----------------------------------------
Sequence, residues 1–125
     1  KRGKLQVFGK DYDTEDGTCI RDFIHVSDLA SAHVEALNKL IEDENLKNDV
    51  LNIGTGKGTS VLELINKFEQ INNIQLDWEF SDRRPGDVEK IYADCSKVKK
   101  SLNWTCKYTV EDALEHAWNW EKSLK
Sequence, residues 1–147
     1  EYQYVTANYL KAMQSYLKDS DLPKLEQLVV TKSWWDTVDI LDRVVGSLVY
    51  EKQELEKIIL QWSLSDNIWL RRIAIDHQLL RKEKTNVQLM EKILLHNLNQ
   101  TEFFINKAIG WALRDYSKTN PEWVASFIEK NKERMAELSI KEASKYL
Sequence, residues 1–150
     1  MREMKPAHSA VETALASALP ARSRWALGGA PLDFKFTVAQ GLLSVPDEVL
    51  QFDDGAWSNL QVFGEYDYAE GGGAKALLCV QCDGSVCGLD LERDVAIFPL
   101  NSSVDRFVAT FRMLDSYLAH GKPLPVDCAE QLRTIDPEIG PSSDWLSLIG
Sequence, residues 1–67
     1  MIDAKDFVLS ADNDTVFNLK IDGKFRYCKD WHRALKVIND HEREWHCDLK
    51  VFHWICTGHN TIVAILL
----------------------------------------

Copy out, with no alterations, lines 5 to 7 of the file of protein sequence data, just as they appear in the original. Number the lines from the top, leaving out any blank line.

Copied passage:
Sequence, residues 1–147
     1  EYQYVTANYL KAMQSYLKDS DLPKLEQLVV TKSWWDTVDI LDRVVGSLVY
    51  EKQELEKIIL QWSLSDNIWL RRIAIDHQLL RKEKTNVQLM EKILLHNLNQ